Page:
Though many in the audience admitted that “vacation” was in the name of their company, they also admitted that business and other travelers visited their destinations too, and that they would love to make their homes an option for them as well. This broadening was even further confirmed during the amazing closing session presented by PhoCusWright’s Douglas Quinby when he said:

    “Vacation Rentals are dead. It is time to start talking about ‘Private Accommodation.’”

    PhoCusWright's private accommodation presentation at the VRMA 2016

    4. For short-term rental managers, acquisition is top of mind.

    Whether it’s acquisition of new homes and owners, or of entire property management companies, the most-attended session of the conference was “Strategies for Growth” presented by Taylor-Made Deep Creek Vacations’ Jodi Taylor Refosco and Vacation Rental Pros’ Steve Milo. What does this tell us?

    That the pie is getting bigger, and more and more managers are trying to figure out how to get their slice.

    VRMA 2016: Cons of vacation rental acquisition

    Warning: One option for growth has a much higher chance of success than the other. We will let you guess which one.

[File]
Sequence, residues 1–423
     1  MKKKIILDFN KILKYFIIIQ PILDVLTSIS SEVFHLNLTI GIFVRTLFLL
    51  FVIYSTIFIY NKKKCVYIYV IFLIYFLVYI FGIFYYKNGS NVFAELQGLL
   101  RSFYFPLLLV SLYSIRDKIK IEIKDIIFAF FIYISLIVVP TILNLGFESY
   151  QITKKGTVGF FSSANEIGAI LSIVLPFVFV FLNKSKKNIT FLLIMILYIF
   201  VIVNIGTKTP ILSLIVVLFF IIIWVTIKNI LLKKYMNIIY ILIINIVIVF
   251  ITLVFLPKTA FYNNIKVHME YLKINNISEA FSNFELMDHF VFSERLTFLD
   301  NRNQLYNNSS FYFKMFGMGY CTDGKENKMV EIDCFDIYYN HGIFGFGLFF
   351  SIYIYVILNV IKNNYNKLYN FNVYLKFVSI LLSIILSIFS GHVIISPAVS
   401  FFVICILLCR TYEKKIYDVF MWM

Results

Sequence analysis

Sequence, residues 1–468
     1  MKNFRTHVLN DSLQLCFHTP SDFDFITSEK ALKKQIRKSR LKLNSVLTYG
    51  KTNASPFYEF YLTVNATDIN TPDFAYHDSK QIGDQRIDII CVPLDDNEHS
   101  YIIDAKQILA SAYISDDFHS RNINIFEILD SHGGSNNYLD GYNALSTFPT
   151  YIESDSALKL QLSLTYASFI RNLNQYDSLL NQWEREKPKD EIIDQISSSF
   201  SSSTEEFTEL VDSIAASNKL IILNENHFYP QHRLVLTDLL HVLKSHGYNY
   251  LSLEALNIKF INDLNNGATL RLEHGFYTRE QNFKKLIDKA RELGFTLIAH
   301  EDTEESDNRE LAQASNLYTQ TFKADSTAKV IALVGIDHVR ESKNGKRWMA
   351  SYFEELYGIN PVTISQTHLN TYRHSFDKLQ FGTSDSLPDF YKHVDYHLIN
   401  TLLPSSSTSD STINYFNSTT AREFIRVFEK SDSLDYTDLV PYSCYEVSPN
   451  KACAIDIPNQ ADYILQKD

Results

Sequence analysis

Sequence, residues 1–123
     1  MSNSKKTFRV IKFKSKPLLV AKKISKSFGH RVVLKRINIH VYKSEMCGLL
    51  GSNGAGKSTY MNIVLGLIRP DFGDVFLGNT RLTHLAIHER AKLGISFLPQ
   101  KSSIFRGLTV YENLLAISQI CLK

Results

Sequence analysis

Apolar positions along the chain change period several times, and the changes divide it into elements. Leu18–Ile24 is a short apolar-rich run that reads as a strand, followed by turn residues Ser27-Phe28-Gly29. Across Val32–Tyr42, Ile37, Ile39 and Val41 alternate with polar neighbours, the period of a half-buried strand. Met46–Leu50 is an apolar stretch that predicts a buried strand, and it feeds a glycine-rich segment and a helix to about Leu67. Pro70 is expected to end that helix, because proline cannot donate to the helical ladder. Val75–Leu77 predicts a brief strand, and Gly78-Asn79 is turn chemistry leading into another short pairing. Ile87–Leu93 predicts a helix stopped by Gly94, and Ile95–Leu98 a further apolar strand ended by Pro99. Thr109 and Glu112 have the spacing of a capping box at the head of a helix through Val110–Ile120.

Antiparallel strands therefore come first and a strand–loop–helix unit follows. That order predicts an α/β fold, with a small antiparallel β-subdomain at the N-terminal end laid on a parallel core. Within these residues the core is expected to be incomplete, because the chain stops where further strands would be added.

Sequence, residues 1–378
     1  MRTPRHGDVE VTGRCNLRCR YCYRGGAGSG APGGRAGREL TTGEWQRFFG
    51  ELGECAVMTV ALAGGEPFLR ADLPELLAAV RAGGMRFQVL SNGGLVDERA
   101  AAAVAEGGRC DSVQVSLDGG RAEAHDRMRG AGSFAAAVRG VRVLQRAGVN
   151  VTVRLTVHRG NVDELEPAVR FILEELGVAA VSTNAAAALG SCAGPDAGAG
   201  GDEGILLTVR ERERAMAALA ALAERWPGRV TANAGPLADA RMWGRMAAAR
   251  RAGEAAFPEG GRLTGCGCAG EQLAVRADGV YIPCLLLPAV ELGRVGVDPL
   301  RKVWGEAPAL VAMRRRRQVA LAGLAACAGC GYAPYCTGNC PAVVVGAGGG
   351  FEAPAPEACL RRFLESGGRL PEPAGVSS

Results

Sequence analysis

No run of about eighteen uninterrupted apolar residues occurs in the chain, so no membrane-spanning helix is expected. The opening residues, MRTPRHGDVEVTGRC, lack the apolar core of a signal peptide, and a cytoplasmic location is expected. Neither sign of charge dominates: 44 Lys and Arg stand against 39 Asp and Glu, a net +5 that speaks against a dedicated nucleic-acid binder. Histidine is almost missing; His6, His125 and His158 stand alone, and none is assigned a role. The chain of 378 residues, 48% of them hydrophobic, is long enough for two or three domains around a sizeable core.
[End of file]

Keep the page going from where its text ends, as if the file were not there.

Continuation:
5. To really compete, property managers need to provide hotel-level service.

    The world of rentals—and accommodation more generally—is more competitive than ever. Travelers consistently demand more, and those who fail to meet expectations will fall behind. This provides a fantastic opportunity for those owners who want to and can dedicate the time, effort, and resources necessary to meet these high standards. It also provides a great opportunity for the best managers to work with and help those owners who have neither the desire nor the inclination to do so.

    VRMA 2016 Trends: Vacation rentals v. hotels


    “Never stop learning.” It’s a motto we live by here at Rented.com. It’s what allows us to do our job to the best of our ability, which is to help vacation rental property owners select property managers that can maximize their vacation rental income. If that’s what you’re looking to do, create a free private profile on our site to get started.